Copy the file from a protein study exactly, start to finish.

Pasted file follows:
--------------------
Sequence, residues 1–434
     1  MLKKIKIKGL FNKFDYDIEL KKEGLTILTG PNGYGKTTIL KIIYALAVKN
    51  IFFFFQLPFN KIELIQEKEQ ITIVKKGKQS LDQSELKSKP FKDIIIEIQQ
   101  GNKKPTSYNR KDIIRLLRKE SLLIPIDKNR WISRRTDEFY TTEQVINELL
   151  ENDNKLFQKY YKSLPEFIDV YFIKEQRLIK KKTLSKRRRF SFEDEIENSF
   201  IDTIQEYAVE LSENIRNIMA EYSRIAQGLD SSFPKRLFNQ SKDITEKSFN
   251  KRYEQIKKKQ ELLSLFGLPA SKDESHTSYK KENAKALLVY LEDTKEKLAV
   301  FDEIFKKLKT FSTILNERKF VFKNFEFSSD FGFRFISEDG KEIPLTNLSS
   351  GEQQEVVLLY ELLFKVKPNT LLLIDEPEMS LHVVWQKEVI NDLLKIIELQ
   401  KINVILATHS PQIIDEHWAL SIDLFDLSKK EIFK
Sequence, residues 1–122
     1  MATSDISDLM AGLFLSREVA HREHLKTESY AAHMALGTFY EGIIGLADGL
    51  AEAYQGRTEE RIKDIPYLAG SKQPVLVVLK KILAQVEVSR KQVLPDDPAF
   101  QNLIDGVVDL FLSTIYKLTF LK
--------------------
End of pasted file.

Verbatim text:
Sequence, residues 1–434
     1  MLKKIKIKGL FNKFDYDIEL KKEGLTILTG PNGYGKTTIL KIIYALAVKN
    51  IFFFFQLPFN KIELIQEKEQ ITIVKKGKQS LDQSELKSKP FKDIIIEIQQ
   101  GNKKPTSYNR KDIIRLLRKE SLLIPIDKNR WISRRTDEFY TTEQVINELL
   151  ENDNKLFQKY YKSLPEFIDV YFIKEQRLIK KKTLSKRRRF SFEDEIENSF
   201  IDTIQEYAVE LSENIRNIMA EYSRIAQGLD SSFPKRLFNQ SKDITEKSFN
   251  KRYEQIKKKQ ELLSLFGLPA SKDESHTSYK KENAKALLVY LEDTKEKLAV
   301  FDEIFKKLKT FSTILNERKF VFKNFEFSSD FGFRFISEDG KEIPLTNLSS
   351  GEQQEVVLLY ELLFKVKPNT LLLIDEPEMS LHVVWQKEVI NDLLKIIELQ
   401  KINVILATHS PQIIDEHWAL SIDLFDLSKK EIFK
Sequence, residues 1–122
     1  MATSDISDLM AGLFLSREVA HREHLKTESY AAHMALGTFY EGIIGLADGL
    51  AEAYQGRTEE RIKDIPYLAG SKQPVLVVLK KILAQVEVSR KQVLPDDPAF
   101  QNLIDGVVDL FLSTIYKLTF LK